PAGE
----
The Toyota Tundra has legendary background history. I own a first-generation Toyota Tundra (2006), and I can say without a doubt I will be buried in that truck (or my Prius, I have not decided yet).
The second and third-generation Tundra have left their mark as well. The 5.7 and 4.6 engines have proven their worth many times over. Toyota has always taken the time to bring solid quality to the market, and we would think the all-new 2022 Tundra would be no exception, right? I wish I was.
The 2022 Toyota Tundra may be all-new, equipped with a 3.4L (V34A-FTS) V6 Twin Turbo is not up to the standards of Toyota, and for customers who have paid dearly, this is a crisis.
What Is The Issue?
Toyota Tundra is experiencing turbo issues early on, with some owners reporting as little as 160 miles of use. Ouch. The sad part is that with all the problems in the supply chain, customers have no other option than to "wait it out" and be left without their new pickups.
Why This Is A Colossal Failure On Toyota
In 1989 for the 1990 model year, Toyota released an engine known to the world as a 1UZ-FE. It is a 4.0L V8 that has been in many Lexus vehicles over the years.
It is highly regarded as one of Toyota's best engines ever to come out. The 1,000,000 miles of testing and refinement that Toyota engineers did before releasing the vehicle to the public was a total win.
From that engine came the legendary 2UZ-FE, which was the standard V8 issue on the first generation Tundra and Sequoia. These engines have grounded Toyota as reliable and dependable. That is when Toyota cared about building the best quality vehicles possible.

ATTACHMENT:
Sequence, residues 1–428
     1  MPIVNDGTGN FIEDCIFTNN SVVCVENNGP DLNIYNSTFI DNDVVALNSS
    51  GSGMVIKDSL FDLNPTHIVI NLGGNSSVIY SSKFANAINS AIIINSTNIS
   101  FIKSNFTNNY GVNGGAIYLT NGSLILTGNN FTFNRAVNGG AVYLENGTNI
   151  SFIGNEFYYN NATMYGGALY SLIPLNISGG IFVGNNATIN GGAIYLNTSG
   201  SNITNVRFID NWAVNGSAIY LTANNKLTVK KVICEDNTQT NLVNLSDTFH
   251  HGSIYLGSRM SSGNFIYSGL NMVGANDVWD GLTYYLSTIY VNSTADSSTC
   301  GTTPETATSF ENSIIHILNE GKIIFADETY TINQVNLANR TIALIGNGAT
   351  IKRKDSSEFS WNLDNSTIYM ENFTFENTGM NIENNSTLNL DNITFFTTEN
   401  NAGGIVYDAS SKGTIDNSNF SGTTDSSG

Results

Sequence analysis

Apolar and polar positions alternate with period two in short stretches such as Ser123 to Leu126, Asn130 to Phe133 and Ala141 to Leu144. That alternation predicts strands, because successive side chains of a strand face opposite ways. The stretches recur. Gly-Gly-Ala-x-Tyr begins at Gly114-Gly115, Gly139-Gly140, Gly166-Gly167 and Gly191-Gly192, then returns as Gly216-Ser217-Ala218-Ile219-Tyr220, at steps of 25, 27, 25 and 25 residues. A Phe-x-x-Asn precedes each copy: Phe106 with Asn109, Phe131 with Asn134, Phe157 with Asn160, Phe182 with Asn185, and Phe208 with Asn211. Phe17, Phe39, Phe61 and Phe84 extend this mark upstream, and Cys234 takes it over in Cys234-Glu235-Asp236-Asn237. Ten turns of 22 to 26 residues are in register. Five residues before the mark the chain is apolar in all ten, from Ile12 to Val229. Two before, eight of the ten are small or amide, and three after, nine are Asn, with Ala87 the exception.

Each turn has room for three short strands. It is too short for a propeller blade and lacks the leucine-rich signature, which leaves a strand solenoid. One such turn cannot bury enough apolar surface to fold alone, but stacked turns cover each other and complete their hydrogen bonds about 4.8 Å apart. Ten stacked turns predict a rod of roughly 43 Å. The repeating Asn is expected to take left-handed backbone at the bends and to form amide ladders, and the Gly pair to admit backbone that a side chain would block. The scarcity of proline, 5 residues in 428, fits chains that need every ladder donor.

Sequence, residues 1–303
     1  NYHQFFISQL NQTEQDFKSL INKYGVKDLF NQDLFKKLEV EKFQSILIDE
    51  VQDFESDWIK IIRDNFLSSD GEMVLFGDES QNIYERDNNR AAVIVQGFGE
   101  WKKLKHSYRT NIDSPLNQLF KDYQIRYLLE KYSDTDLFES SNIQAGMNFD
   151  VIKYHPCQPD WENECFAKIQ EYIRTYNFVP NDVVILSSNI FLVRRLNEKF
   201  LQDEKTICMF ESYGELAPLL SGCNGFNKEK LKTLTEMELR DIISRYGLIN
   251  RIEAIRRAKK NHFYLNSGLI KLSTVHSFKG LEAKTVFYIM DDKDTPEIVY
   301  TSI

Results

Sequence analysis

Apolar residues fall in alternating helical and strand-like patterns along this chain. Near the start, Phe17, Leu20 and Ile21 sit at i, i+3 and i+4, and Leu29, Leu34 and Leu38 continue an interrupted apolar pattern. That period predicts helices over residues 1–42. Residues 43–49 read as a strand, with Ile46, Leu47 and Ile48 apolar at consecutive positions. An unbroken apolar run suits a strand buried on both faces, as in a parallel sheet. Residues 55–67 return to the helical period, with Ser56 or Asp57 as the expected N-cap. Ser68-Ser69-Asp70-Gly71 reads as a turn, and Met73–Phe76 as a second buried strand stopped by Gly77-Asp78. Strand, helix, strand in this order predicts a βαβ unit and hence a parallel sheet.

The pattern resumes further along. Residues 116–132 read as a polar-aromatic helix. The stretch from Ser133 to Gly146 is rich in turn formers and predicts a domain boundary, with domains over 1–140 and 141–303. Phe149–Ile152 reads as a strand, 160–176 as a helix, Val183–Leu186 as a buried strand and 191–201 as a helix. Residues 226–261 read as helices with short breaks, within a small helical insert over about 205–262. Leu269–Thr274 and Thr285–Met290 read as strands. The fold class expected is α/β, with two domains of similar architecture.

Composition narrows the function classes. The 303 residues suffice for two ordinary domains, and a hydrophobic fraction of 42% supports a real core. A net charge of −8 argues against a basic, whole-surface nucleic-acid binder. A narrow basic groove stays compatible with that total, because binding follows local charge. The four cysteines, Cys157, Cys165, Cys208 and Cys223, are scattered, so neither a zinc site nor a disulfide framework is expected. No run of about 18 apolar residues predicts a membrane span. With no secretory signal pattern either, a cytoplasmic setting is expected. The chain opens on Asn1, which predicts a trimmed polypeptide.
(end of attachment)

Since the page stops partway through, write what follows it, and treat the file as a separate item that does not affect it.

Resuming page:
It is clear that the current new power plant for Toyota has not gone through the rigorous testing as its predecessors, and that is nothing short of sad.
It Is Not Only Toyotas Fault
While Toyota is responsible for the failure and the engineering, I cannot fault them entirely. Call me a fanboy or whatever you like, but the pressure put on Toyota to compete is pretty high. They are just showing their weakness under pressure.
With many manufacturers pushing EV trucks (Ford, Chevrolet, Rivian, Tesla), Toyota needs to stay competitive. This ultimately means increasing fuel economy, better power, and reducing emissions.
The EPA is also on the heels of every V8 engine to keep it clean and efficient, and in these hostile times, you have to constantly be changing to keep up with the times. So rushing into new technology and "figuring it out" in the field has become commonplace.
Still, I find great fault on Toyota and all manufacturers for rushing into new technology. It severely hurts the reputation of the manufacturer and blemishes the brand.
Something else to consider. Vehicles are made in exact replicas one after another. That means if one vehicle has an issue, the whole batch will likely end up with the same problem. While we do not know how many Tundra pickups will have the problem, I can tell already it will be plenty.
I (and others) can only hope that Toyota will learn from this and Kaizen their way back into the quality standards we all have grown to love about the brand. I primarily drive Toyota vehicles, and for a good reason, they are typically incredibly well built.
I also hope that dealers bend over backward to take care of their precious clients who have waited patiently and probably spent more than MSRP for the pickup.
I plea that Toyota gets it together and makes every vehicle that rolls off any of your assembly lines a complete masterpiece like they have done before.
I am also waiting for you to come out with my first electric car that gets more than 250 miles of range. It is possible; you just need to see that you can do it.
That is all for today. Remember, Today's adventure is tomorrow's story. Have a good one.
Take a look at what Toyota is finally doing with a Chinese Battery Company BYD.
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Image source: Courtesy of Toyota Pressroom
Image source: Facebook Amos Pettis
Peter Neilson is an automotive consultant specializing in electric cars and hybrid battery technologies. He holds a Bachelor of Science in Automotive Service Technology from Weber State University. Peter can be reached on Linkedin and you can tweet him at The_hybrid_guy on Twitter. Find his page on Facebook at Certified Auto Consulting. Read more of Peter's stories at Toyota news coverage on Torque News. Search Toyota Prius Torque News for more in depth Prius coverage from our reporter.